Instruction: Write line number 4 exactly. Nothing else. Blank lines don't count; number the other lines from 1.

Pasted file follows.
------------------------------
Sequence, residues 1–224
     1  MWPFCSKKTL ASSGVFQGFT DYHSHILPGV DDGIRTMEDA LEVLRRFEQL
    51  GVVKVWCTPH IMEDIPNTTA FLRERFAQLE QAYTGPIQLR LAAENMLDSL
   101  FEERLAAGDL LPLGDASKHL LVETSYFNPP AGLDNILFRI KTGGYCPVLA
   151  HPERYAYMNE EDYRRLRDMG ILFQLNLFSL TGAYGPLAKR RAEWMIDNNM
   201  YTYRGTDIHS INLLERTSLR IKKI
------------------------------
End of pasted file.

   101  FEERLAAGDL LPLGDASKHL LVETSYFNPP AGLDNILFRI KTGGYCPVLA